Vasomotor responses to decreased venous return: effects of cardiac deafferentation in humans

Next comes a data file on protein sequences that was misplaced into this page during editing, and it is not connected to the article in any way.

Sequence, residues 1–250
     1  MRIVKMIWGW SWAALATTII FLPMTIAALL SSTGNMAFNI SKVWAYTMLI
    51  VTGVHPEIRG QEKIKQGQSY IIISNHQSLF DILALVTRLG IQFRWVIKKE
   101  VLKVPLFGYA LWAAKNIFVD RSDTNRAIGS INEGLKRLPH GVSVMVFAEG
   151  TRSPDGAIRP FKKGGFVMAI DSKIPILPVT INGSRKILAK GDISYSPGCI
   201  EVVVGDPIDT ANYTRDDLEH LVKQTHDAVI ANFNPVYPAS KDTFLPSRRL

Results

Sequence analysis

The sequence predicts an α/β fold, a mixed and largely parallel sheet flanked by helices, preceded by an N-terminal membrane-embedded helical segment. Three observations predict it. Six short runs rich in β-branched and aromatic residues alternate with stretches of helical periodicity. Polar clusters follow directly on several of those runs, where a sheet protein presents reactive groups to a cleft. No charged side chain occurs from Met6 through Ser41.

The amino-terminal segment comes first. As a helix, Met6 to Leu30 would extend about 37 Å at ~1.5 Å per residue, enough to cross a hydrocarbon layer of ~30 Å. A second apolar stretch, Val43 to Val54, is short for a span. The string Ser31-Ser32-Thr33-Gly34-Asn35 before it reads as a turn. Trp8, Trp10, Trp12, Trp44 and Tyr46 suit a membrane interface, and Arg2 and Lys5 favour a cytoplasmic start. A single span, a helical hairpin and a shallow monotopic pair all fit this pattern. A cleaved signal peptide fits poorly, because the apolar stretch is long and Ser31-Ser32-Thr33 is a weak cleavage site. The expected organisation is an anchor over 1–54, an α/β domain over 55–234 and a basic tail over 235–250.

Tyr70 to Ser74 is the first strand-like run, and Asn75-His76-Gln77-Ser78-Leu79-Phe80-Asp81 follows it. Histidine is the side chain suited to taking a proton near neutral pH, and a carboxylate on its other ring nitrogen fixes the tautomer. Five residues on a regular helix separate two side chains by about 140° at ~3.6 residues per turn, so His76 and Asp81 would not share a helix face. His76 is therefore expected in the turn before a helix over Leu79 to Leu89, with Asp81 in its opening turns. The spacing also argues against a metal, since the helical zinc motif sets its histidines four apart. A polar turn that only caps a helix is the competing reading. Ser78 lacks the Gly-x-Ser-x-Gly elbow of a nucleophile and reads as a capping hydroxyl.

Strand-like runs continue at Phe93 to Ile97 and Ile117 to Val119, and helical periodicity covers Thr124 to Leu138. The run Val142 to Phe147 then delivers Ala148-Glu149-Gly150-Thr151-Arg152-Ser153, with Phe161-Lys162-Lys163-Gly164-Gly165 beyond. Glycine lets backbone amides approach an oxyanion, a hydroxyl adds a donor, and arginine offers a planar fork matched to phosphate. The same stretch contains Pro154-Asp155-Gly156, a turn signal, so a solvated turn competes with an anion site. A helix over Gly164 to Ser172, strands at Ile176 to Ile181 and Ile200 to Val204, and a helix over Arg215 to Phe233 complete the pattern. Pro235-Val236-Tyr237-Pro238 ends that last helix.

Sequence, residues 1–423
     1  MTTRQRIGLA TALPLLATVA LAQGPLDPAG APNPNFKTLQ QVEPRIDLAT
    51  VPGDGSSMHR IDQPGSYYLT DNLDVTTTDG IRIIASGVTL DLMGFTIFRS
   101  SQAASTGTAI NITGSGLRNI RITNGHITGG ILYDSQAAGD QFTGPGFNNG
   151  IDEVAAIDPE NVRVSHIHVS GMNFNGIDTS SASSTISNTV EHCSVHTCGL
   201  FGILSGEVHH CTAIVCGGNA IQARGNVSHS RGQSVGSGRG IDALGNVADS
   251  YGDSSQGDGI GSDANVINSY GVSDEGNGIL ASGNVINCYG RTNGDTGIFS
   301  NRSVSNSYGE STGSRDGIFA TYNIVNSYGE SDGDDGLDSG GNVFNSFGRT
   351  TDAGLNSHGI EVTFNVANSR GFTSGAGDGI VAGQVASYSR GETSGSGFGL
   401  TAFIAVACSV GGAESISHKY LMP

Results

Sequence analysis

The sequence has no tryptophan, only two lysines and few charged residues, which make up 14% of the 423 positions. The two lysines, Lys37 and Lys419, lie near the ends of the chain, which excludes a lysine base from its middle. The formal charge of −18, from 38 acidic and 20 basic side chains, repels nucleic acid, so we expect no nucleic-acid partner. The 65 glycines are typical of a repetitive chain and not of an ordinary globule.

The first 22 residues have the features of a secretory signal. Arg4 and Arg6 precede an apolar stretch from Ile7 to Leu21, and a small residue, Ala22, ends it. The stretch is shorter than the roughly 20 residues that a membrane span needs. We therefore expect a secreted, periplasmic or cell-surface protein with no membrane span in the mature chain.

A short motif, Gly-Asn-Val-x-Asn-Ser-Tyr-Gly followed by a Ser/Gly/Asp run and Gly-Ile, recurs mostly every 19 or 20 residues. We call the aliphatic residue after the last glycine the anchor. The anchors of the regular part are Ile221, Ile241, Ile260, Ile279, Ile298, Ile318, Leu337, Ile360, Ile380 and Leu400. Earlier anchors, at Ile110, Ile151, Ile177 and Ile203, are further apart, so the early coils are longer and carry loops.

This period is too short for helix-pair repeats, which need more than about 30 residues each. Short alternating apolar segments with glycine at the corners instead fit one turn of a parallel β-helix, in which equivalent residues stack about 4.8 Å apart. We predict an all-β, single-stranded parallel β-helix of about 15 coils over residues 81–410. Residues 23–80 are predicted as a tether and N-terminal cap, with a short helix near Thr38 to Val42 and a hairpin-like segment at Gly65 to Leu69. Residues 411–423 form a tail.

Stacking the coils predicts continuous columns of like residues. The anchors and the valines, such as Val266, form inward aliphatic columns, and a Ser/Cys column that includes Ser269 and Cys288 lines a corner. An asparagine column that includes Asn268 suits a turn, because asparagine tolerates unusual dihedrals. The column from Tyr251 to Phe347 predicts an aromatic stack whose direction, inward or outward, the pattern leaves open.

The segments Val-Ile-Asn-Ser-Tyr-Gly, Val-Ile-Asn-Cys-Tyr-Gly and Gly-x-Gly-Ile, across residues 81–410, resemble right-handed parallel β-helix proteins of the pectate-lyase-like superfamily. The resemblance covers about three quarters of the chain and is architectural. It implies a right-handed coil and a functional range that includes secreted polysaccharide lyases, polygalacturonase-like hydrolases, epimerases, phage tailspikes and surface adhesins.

We compared haemodynamic and peripheral vasomotor responses to lower body negative pressure (LBNP) in cardiac transplant recipients who had undergone bicaval anastomoses, involving right atrial deafferentation (-RA), and the conventional procedure in which some atrial baroreceptor afferents remain intact (+RA). We measured mean forearm blood flow (FBF) responses using Doppler/ultrasound during three randomised trials involving 0 (baseline), -20 and -40 mmHg LBNP in 15 transplant recipients (9 -RA, 6 +RA) and in eight healthy matched controls. A significant effect of LBNP on FBF existed between control and transplant groups (P < 0.05; two-way ANOVA). Mild LBNP (-20 mmHg), significantly decreased FBF by 29.7 ± 10.0% relative to baseline in +RA subjects (P < 0.05), whereas the 17.7 ± 10.3% decrease in -RA subjects was not significant. In response to -40 mmHg LBNP, FBF significantly decreased in control (42.4 ± 4.6%, P < 0.05) and +RA subjects (33.3 ± 11.4%, P < 0.05) with no significant change in the -RA group. The response of systolic blood pressure (SBP) to -40 mmHg significantly differed between groups (P < 0.05): -RA subjects decreased significantly (P < 0.05) whilst the decrease in SBP in +RA subjects did not achieve significance and control subjects exhibited an increase. The heart rate increase from baseline to -40 mmHg was significantly attenuated in -RA relative to controls and the +RA group (P < 0.05). The present study demonstrates that atrial deafferentation impairs reflex vasomotor control of the circulation in response to low- and high-level LBNP, indicating that atrial deafferentation may contribute to abnormal arterial pressure regulation.